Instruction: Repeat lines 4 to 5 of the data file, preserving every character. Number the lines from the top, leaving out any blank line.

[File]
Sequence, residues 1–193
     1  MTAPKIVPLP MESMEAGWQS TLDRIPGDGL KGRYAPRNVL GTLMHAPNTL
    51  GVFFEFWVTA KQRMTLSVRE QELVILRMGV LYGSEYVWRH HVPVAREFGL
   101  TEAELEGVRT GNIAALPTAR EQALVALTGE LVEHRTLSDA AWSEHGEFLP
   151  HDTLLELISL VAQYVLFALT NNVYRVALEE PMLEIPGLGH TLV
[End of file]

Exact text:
   101  TEAELEGVRT GNIAALPTAR EQALVALTGE LVEHRTLSDA AWSEHGEFLP
   151  HDTLLELISL VAQYVLFALT NNVYRVALEE PMLEIPGLGH TLV